After winning a local Karate match, Nick and Ruben are approached by Mr C. (Edward Albert), one of Lee's associates, and they are invited to compete in Lee's illegal shootfighting tournament in Mexico. Ruben desperately needs the money and convinces Nick to go with him. As they progress in the tournament the rounds become more and more brutal, but they are invited back in a month's time to complete in the finals. Little do they know that the final round is a fight to the death. What's more, Shingo was one of the shootfighting officials who destroyed Lee's career; Nick and Ruben's invitation is merely a trick to lure Shingo to the tournament, so Lee can take his revenge.

Ruben leaves Shingo's school after he refuses to train him for the finals, so leading up to the tournament we have two interleaved training montages. Nick's montage is scored by Asian-style pipes and drums as he and Shingo partake in wholesome training activities like jogging and ab crunches. Shingo must be a great trainer because at one point he whispers something into some airballing kid's ear and he's immediately able to make three-point baskets with his back turned. Ruben's montage, on the other hand, is scored by thrash guitars as he trains by beating up Latino gangster stereotypes. It's the good and bad, the yin and yang, the Rocky and Ivan Drago of training montages.

It should be noted that Ruben is a complete ass to his wife throughout the film. He borrows money from gangsters without telling her, which is bad enough, but when his creditors start hassling him he disappears with Nick to Mexico so he can raise money in deadly shootfighting matches, leaving his wife at their mercy. When he returns his wife is understandably upset, so he pitches a fit about her "controlling his life" and leaves her. Interestingly enough, this plot thread is never resolved. Cheryl discovers that Ruben has gone back to Mexico to compete in the finals, but she never shows up, not even in the final few seconds for an "Oh, I guess they are back together now" post-victory embrace. I hope that when Ruben got back the locks were changed. Dick.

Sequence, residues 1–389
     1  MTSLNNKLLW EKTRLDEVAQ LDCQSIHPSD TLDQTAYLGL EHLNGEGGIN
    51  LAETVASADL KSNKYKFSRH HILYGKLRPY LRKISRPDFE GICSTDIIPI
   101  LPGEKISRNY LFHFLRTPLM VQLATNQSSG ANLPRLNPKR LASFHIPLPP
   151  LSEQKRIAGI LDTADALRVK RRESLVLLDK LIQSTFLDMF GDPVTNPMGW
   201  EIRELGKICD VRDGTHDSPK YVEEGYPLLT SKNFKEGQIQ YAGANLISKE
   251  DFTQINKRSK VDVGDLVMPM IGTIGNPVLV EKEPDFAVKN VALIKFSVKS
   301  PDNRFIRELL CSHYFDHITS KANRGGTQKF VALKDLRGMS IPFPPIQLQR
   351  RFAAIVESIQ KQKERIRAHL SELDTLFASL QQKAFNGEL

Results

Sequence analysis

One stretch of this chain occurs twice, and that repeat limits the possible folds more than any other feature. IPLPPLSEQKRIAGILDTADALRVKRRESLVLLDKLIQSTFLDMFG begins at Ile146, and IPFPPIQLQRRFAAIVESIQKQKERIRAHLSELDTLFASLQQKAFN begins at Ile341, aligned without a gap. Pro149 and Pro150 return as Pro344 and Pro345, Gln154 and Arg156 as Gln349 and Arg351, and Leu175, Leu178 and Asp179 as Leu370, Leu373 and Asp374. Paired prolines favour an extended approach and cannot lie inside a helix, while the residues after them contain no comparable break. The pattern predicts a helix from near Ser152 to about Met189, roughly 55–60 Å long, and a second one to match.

Thankfully Nick is a lot nicer to his love interest, a friend of Cheryl's named Jill (Sigal Diamant). She gets obsessed with him after one date, which is mostly spent sitting on the couch watching VHS footage of a brutal cage match. Normally this would be pretty weird but this movie takes place in an alternate universe where women go apeshit over brutal bloodsports. By the finale the female spectators are pumping their fists in the air and screaming for blood. Calm down, ladies, I thought you were better than this. Jesus.